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WD-50 Alum Opening Rice Noodle Eatery in the East Village

By Allegra Hobbs | February 10, 2017 4:19pm | Updated on February 14, 2017 5:57pm
 Simone Tong plans to open Little Tong Noodle Shop in the East Village in early March.
Simone Tong plans to open Little Tong Noodle Shop in the East Village in early March.
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Courtesy of Little Tong Noodle Shop

EAST VILLAGE — An alumnus of a famously innovative Lower East Side eatery will soon debut her flavorful rice noodle bowls in a series of pop-ups to preview the March launch of her East Village restaurant.

Simone Tong was watching a TV show about the iconic restaurant, WD-50 — widely known before its 2014 closure for chef Wylie Dufresne's inventive and upscale dishes — when she realized the culinary arts were for her.

"While I was watching the Food Network I found out about this restaurant called WD-50," recalled Tong, who on Sunday will host the first of four pop-up shops previewing the Little Tong Noodle Shop.

"I thought, 'This is a crazy restaurant! It's a combination of science and art! I want to be a chef!'"

Tong enrolled in downtown's Institute of Culinary Education, and soon afterward found herself in the kitchen of WD-50, where she worked as a cook for four years.

Now, she is combining the creative approach to cooking she picked up in Dufresne's kitchen with her own roots in Chinese cuisine — and her desire to create "flavor bombs" with her dishes — in the Little Tong Noodle Shop.

"Even though I learned the science part of food and the French part of food from WD-50, I'm Chinese, I'm Asian — I wanted to introduce big, bold flavors," she said. 

Tong's shop, slated tentatively for an early March opening at 177 First Ave., will serve up a variety of rice noodle bowls with broths, pickled vegetables and chili-based condiments for bold flavor.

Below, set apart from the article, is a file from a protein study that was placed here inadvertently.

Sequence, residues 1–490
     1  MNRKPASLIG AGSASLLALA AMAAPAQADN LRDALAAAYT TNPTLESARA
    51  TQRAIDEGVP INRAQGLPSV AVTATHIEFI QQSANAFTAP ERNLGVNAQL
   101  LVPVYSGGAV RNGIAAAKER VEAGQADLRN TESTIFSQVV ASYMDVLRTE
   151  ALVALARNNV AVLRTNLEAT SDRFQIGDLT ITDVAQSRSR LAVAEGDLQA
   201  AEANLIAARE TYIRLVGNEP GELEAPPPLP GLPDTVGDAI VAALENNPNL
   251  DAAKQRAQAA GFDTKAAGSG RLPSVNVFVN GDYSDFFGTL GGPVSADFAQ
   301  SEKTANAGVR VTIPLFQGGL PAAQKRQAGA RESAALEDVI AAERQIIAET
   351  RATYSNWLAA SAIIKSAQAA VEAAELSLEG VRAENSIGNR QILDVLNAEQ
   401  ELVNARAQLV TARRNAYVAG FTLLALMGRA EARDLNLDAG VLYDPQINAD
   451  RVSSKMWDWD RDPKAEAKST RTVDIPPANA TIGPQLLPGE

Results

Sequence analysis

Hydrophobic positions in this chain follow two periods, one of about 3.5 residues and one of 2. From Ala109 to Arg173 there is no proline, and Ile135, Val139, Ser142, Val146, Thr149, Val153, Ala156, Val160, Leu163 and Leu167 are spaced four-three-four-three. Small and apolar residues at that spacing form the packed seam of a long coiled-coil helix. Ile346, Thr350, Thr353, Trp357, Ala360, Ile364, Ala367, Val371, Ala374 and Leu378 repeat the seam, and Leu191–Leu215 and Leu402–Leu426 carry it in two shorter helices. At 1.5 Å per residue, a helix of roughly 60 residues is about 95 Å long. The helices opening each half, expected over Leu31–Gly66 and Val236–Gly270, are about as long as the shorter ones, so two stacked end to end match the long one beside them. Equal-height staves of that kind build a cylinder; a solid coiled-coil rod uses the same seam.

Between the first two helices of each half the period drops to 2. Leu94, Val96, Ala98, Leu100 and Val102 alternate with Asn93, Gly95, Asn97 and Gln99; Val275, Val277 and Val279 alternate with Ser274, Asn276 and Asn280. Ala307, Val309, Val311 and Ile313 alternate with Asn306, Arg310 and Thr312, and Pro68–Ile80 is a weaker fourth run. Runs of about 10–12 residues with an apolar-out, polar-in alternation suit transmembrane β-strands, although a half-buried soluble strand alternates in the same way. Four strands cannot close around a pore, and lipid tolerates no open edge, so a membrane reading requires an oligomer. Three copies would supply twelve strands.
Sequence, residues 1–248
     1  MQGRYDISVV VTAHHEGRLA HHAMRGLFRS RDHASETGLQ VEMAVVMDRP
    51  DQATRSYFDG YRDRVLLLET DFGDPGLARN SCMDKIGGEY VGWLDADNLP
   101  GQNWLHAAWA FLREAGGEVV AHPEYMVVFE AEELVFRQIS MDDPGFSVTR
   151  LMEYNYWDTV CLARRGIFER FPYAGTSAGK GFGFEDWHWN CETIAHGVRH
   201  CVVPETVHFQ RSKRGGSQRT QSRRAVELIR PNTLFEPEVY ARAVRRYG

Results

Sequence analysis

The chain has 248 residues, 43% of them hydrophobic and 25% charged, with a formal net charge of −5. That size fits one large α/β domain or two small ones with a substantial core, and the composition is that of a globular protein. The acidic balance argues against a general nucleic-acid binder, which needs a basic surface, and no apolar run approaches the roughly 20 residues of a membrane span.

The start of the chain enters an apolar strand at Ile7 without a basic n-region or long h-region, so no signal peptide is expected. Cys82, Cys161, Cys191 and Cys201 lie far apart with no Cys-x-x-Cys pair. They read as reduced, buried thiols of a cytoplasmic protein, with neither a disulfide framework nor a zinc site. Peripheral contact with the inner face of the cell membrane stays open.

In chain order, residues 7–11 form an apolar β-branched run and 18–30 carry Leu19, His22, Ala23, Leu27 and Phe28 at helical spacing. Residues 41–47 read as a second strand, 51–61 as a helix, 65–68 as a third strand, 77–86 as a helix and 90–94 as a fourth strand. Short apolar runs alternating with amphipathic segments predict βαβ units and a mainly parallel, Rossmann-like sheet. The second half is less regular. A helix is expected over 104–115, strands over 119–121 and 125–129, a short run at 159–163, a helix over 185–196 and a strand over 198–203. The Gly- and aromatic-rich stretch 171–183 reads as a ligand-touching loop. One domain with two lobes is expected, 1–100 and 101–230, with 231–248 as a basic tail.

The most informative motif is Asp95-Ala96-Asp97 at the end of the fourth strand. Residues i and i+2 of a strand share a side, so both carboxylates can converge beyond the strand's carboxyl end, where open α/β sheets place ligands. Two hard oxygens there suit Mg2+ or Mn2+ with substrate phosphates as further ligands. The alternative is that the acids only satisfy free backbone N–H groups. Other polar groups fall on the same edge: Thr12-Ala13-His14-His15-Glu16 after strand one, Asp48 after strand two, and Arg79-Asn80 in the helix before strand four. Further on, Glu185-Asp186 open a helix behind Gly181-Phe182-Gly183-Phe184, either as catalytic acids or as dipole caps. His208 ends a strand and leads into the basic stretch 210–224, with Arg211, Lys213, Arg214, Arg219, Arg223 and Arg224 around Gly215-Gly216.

The dishes will premiere at two back-to-back pop-up dinners at local bar Jimmy's No. 43 at 43 E. Seventh St. on Feb. 12 and 13.

The third pop-up will be held on Feb. 19 at Japanese eatery Asazu at 49 Clinton St. — right across the street from what once was WD-50, which is now being replaced by a luxury condo development at 50 Clinton St.

"I would not want to go back because I cannot bear to see the condo right now, but it's a sentimental, nostalgic reason I wanted to do the pop-up," Tong said.

The final pop-up will be at Gotan in Williamsburg on Feb. 22.

Visitors to the pop-ups will be able to choose from a small sampling of the full restaurant menu, said Tong, including a Grandma's Chicken Rice Noodles — a noodle bowl with tender chicken confit with black sesame garlic sauce, chilis fermented in garlic and ginger, and house-made pickles.

Tong hopes her venture will help popularize rice noodle dishes — ramen is generally served with wheat noodles, she explained, and the rice noodles of China's Yunnan province haven't yet caught on in the city.

"It's a little bit special because it's rice noodles," she said. "When people think of noodles, it's usually wheat based — it's not so popular in New York yet, but it's old-school and very popular in China."

Tickets for each of the events, running at $20 for a bowl of noodles and an appetizer, can be bought here.